The lone star: Antigone The role that gender plays in the play Antigone

Essay by sidhuggCollege, UndergraduateA+, March 2003

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The play Antigone is full of rage, power, and lust. This play shows how one's ego can impair one's judgement. By disregarding women simply because of they their gender is wrong. Being a woman makes a woman weaker because they are fluently labelled as being just "women."

In Antigone, the role played by gender in shaping the conflict between Antigone and Creon is quite significant. This conflict involves two individuals who are very stubborn and headstrong. Antigone believes that nobody takes her seriously because she is just a woman. It is to her understanding that if it was a man that buried her brother; Creon would have looked at the situation differently. Creon does not budge to reverse his decision. This is because he believes if he were to change his decision in order to save her, would have given into a woman. By letting Antigone go, Creon would not be taken seriously as the king by the people of Thebes.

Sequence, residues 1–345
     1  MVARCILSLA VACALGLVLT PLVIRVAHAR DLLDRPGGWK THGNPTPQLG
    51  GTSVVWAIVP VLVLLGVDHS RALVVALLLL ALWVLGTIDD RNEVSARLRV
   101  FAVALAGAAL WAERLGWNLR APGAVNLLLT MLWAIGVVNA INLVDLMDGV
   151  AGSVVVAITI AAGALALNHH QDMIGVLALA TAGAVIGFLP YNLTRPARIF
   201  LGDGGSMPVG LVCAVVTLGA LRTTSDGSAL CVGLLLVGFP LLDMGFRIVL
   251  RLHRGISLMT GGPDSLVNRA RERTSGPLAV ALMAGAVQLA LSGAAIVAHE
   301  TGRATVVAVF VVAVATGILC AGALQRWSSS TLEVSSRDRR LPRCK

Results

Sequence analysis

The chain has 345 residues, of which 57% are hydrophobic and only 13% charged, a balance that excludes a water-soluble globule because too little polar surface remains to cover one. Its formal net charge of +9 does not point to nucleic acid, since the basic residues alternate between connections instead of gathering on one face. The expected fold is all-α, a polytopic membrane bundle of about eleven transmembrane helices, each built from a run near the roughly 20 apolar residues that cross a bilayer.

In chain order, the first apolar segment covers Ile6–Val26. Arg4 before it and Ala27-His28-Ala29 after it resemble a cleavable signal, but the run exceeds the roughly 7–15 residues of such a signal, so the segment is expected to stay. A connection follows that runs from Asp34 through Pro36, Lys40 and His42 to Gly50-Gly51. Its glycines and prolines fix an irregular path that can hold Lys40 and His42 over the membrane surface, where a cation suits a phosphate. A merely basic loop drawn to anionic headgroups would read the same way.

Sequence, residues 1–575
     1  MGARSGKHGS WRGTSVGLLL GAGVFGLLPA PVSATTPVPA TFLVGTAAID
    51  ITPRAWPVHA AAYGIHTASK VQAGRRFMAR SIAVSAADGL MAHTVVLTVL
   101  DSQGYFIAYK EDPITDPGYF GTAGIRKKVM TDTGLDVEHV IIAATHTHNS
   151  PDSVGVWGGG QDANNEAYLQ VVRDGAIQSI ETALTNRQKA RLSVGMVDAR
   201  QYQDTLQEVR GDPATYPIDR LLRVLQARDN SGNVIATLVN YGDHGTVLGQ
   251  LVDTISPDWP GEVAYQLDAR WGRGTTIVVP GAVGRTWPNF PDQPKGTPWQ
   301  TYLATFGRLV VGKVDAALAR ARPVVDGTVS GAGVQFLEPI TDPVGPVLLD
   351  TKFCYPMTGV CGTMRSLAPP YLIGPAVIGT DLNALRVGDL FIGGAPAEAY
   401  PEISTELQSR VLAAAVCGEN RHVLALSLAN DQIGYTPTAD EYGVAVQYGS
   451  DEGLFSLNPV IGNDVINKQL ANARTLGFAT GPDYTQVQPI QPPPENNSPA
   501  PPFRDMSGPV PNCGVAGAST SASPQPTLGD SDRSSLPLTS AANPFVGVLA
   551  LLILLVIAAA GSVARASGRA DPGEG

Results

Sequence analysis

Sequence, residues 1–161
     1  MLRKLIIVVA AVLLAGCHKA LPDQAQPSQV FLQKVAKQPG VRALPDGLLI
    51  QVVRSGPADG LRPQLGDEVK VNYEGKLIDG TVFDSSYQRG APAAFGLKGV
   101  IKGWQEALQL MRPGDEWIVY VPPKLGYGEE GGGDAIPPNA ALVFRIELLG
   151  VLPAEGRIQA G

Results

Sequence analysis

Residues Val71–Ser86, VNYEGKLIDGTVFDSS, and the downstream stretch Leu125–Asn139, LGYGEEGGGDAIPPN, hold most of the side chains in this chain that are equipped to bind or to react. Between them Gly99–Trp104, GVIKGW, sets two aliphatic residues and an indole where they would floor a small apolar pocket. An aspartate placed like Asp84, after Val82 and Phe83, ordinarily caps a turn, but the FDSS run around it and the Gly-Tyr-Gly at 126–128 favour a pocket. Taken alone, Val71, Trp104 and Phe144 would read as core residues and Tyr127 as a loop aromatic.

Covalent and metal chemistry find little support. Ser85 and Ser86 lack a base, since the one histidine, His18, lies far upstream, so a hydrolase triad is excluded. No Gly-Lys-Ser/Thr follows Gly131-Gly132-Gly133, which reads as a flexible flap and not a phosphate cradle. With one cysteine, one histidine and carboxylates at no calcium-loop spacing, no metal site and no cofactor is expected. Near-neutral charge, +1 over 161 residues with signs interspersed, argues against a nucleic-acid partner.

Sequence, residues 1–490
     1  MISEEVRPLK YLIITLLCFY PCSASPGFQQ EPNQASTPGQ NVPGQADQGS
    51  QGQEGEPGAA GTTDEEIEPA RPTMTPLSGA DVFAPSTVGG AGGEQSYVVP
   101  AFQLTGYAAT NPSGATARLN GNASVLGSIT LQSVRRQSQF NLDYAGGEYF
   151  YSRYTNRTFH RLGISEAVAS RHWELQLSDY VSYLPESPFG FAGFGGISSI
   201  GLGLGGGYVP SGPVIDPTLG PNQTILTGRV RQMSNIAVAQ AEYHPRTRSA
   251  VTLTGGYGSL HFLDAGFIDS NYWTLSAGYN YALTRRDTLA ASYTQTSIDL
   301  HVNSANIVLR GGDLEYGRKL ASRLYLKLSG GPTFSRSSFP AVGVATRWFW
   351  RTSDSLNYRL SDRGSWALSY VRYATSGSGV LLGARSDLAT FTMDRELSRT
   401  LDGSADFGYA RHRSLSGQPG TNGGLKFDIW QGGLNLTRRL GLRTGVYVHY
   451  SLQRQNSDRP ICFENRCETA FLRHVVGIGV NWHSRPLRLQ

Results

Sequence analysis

By letting her win, Creon thinks Antigone will take away some of his power, "When I am alive no woman shall rule" (Antigone line 577).

This play is not very feminist. Men are the sole rulers, and woman do not have any say in how the state is being run and what laws are being made. Woman in this play do not play any significant role in their society. Their only task is to be an obedient housewife. Women are regarded as men's possessions. Creon believes the only role the woman play is to produce children. This becomes evident when Creon tells Haemon to forget about Antigone, and that there are other fields to be ploughed. There are, however some characters that show some compassion.

Ismene does not aid her sister in burying her own brother.